Archaeologists Uncoverd 17th-Century Danish Latrines, Wine Barrels Were Used As Bathrooms During the Renaissance

These two wine barrels were repurposed into latrines in Copenhagen during the Renaissance.
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Archaeologists Uncoverd 17th-Century Danish Latrines, Wine Barrels Were Used As Bathrooms During the Renaissance:

After drinking the last drops of wine from two gigantic barrel about 300 years ago, somebody had the brilliant idea of repurposing the vats into something down to earth … or rather, in the earth: They stuck the empty barrels in the ground and turned them into toilets.

Archaeologists recently found the Renaissance-era latrines (and all of their poopy contents) in Copenhagen during an excavation ahead of a repaving construction venture.

The makeshift bathrooms, which had been placed in the backyard of a city house, dated to the late 1680s, the archaeologists discovered.

Many people would flinch at the sight of a 300-year-old toilet, but the archaeologists could not believe their luck.

They got to work sieving and examining the organic matter, which offered clues about the diets, trade alliances and habits of the people who sat on these johns so long time ago. 

“The people whose latrines we have examined were well-fed on bread, fish, and meat, alongside a variety of fruit, herbs, and spices,” said lead study researcher Mette Marie Hald, a senior scientist of environmental archaeology at The National Museum of Denmark.

“Most of the food items were locally grown,” she added, “but some of the food plants were exotics, showing us that it was possible to buy, for instance, cloves, which would have come all the way from Indonesia.”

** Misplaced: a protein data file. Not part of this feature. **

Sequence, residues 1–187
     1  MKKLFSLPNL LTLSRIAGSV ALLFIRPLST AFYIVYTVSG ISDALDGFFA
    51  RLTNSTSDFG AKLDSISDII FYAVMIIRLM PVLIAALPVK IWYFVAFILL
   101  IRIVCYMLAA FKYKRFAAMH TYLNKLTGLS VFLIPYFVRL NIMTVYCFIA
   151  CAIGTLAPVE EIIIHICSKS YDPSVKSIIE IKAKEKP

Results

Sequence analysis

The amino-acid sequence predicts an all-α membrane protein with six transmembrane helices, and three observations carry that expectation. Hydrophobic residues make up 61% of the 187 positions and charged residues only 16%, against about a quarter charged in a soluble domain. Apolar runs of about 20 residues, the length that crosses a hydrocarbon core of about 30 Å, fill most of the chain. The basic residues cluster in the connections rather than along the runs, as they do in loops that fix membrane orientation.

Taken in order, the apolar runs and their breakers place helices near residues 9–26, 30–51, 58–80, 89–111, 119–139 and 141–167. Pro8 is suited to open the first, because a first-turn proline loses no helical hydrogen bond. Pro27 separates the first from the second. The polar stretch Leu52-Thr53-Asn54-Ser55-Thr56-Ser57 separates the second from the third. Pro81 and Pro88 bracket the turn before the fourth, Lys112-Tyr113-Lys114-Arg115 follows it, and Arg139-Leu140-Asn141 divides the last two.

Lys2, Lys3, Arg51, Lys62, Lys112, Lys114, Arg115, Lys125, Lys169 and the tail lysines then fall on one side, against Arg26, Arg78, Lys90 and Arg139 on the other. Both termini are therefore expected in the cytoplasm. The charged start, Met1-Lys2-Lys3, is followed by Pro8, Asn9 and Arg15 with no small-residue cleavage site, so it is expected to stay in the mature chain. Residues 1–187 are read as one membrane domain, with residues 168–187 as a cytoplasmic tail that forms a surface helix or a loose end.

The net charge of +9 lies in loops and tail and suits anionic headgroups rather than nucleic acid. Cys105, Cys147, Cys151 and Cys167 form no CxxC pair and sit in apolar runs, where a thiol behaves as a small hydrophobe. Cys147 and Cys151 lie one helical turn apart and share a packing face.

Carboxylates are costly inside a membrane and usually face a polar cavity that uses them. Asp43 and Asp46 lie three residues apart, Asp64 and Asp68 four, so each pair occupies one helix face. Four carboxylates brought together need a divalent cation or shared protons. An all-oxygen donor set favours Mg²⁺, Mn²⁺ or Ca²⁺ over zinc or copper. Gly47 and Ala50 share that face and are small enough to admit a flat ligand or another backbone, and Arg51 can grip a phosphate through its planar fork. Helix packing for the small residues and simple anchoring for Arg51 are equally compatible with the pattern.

The mere presence of these cloves indicates that Copenhageners had access to goods from long distance trade, likely through the Dutch trading companies, as Indonesia was a Dutch colony at the time, Hald said.

“We know that Dutch traders lived in Copenhagen in the 1680s,” she noted. “It is fun to think of the fact that 300 years ago, we were already part of a global trading network.”

After digging through the samples, the researchers used microscopes — and, if the objects were big enough, their bare eyes — to label what had passed through the peoples innards during the Renaissance.

One thing was certain: Whoever used the toilet had a healthy and varied diet. An examination of the animal bones and plant seeds revealed that the people had eaten their fill of herring and rye bread.

They were also able to buy other types of fish, such as eel, cod, and perch, as well as a medley of fruits and herbs, including apples, raspberries, cherries, dill, and coriander, she said.

“Some fruits that came from farther away were probably dried, like figs and raisins and lemon peels.

“They came from the Mediterranean region and would have been dried in order not to rot on the way up north.”

The latrine also served as a trash can for kitchen scraps, which explains why it contained bones from pigs and cattle, Hald stated.

“We also discovered one cat bone, which does not mean that cats were eaten, but probably somebody threw a dead cat in the barrel when sweeping the backyard,” she said.

However though the inhabitants ate well, they did not always cook their food enough. A microscopic examination turned up several types of parasites in the latrines.

These parasites “would have come from undercooked food and people not washing their hands and infecting the food,” Hald said. but, this was not uncommon during that time.

“Parasite infections were quite common in the day,” Hald said. And, even with the parasites, “our investigation shows that the diet of 1680s Copenhageners was quite sophisticated,” she said.

 

A sieved sample of plant remains from the latrines.
A sieved sample of plant remains from the latrines.

Source: smithsonianmag


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Jessica Saraceni has been a part of Histecho Since 2018, drawn to the site for its quirky character and through Articles about the Mysteries of earth and human behavior. previously, she was an assistant editor and Research fellow at Archaeology magazine, where she gained an appreciation for the field work. A master's degree in biogeochemistry and environmental science from the Center for Archaeological Research, the University of Texas at San Antonio. She enjoys all forms of exercise; reading works by her favorite author, Haruki Murakami; and playing with her sons.